Childhood obesity

Childhood Obesity Plan Leaves a Bad Taste in the Mouths of Many

This week the government has published its long awaited plan to tackle childhood obesity, a step that was anticipated to be pivotal for the health of the youngest generation. However, the plan has been criticised by many including the British Medical Association, the CEO of Sainsbury’s and health advocate and celebrity chef, Jamie Oliver.

The plan asks the food and drink industry to reduce the sugar content in its products by 5% over the coming year, and 20% over the next 4 years, in a voluntary scheme which will be monitored by Public Health England (PHE).

The government is also calling for primary schools to ensure children get at least 30 minutes of exercise per day, which will be funded by its new soft drink ‘sugar tax’, which was announced at the last Budget.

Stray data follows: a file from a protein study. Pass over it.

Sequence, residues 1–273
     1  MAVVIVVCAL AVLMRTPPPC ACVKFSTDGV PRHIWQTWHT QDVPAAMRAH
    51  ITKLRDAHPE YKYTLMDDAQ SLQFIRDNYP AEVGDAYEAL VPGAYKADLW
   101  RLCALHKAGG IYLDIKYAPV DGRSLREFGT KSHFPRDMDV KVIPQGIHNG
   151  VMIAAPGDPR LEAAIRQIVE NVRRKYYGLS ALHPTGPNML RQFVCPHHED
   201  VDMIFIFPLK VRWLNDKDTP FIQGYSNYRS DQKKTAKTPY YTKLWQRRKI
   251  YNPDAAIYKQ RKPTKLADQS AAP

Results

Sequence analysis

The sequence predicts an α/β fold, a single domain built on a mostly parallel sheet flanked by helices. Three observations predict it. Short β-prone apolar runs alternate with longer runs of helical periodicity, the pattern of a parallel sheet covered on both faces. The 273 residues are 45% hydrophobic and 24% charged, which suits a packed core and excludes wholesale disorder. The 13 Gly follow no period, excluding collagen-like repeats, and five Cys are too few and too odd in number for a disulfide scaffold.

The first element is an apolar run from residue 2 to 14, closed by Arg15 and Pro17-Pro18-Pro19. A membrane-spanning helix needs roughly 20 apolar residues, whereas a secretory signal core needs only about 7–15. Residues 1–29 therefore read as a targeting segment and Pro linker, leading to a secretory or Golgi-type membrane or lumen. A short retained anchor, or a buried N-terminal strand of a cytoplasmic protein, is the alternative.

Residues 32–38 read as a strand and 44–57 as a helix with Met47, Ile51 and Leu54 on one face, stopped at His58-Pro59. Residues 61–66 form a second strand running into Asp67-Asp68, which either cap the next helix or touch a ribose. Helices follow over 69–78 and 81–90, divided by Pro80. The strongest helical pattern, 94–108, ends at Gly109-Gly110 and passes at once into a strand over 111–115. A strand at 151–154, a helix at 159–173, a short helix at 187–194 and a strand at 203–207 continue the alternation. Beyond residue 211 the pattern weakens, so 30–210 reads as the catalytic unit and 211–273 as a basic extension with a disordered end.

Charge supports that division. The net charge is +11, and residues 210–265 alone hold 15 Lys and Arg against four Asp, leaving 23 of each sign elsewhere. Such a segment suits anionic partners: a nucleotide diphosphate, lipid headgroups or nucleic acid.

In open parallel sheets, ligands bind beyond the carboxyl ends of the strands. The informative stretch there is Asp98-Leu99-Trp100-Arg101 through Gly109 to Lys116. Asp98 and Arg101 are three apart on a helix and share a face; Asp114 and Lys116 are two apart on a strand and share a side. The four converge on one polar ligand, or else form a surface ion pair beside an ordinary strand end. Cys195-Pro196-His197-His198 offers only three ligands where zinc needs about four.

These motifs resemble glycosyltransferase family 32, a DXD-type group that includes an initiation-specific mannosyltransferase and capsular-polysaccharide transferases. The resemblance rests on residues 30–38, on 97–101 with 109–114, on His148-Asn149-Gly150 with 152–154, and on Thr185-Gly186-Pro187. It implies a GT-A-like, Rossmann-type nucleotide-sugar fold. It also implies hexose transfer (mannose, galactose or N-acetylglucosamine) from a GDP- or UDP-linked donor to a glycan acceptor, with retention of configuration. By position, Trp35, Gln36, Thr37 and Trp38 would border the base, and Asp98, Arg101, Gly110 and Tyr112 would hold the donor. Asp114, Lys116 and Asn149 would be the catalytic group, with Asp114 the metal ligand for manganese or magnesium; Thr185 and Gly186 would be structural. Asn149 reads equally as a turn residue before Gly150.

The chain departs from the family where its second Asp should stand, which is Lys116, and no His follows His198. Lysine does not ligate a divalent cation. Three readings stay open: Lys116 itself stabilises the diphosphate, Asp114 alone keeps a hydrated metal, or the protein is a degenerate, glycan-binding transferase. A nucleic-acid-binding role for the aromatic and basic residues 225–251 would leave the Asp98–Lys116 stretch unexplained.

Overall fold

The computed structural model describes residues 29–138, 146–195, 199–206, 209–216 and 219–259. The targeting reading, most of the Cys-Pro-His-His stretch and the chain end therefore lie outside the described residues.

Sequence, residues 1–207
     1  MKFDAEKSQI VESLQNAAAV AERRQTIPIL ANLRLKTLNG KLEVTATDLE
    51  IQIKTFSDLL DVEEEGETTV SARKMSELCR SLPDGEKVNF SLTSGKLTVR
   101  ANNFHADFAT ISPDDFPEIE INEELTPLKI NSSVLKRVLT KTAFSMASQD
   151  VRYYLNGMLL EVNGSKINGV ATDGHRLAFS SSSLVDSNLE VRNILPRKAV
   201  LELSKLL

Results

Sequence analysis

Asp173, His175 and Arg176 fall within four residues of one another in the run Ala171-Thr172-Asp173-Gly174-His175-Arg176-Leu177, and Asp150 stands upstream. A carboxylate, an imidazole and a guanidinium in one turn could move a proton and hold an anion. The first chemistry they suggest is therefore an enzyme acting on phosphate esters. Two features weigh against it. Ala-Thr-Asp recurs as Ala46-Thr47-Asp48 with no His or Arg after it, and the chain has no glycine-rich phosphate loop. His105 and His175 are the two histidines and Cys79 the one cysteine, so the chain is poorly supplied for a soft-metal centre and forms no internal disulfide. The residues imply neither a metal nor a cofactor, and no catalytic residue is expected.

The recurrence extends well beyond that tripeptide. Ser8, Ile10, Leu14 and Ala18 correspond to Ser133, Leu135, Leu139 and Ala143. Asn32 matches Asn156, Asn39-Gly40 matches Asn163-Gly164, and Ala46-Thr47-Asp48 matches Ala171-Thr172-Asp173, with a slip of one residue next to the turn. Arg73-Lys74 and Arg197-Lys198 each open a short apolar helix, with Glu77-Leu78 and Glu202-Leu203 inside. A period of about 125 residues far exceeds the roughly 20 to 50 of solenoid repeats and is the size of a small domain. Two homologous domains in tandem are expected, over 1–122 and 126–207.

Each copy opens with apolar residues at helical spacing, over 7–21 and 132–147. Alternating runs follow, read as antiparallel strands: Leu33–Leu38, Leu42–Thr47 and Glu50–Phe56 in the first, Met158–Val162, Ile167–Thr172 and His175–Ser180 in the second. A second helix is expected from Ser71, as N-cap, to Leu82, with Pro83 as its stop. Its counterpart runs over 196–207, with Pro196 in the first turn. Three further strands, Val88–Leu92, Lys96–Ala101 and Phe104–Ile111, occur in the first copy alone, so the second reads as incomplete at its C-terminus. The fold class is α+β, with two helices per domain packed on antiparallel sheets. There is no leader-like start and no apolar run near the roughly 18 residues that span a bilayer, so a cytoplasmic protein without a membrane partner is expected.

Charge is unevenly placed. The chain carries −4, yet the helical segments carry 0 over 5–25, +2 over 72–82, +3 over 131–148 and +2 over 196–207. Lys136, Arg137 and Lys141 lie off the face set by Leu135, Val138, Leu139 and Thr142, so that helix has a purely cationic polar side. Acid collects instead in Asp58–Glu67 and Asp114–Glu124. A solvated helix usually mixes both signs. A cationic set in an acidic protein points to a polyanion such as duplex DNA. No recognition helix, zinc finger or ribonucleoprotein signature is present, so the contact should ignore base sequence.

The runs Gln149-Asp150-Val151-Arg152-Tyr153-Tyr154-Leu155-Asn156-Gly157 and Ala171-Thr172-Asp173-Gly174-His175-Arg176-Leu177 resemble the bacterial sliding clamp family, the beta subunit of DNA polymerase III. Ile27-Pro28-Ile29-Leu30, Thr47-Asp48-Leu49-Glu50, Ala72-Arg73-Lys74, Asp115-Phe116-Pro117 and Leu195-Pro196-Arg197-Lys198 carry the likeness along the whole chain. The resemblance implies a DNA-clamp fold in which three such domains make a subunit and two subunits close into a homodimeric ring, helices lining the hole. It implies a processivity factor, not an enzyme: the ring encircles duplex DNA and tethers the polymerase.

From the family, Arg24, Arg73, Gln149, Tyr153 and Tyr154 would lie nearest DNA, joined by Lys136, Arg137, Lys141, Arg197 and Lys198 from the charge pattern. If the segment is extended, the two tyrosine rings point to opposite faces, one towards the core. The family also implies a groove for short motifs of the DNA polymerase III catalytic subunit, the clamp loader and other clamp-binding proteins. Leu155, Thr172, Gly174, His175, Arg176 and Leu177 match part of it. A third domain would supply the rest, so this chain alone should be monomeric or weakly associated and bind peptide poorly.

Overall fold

Whilst the plan is a step in the right direction, the resounding feedback is that it has not gone far enough with regards to addressing the epidemic. According to various sources, whole sections of the draft have been dropped from the final version including legislation that would have restricted advertising junk food to children and promotions such as ‘buy one get one free’ deals.

According to the BBC, 1 in 10 children currently start school obese, rising to 1 in 5 by the time they leave. So how can parents avoid their children becoming a statistic in the childhood obesity crisis?

The government’s Change 4 Life program is a fantastic resource offering practical advice for the whole family about how to reduce sugar and make healthy food swaps, tips for getting your 5 a day and how to reduce your children’s portion sizes, and even a suggested meal plan for your kids’ packed lunches.

It also offers some great resources to help your kids move more, including Disney-inspired ‘10 Minute Shake Ups’ which encourage children to do short bursts of exercise along with their favourite characters.

For more information about Change 4 Life visit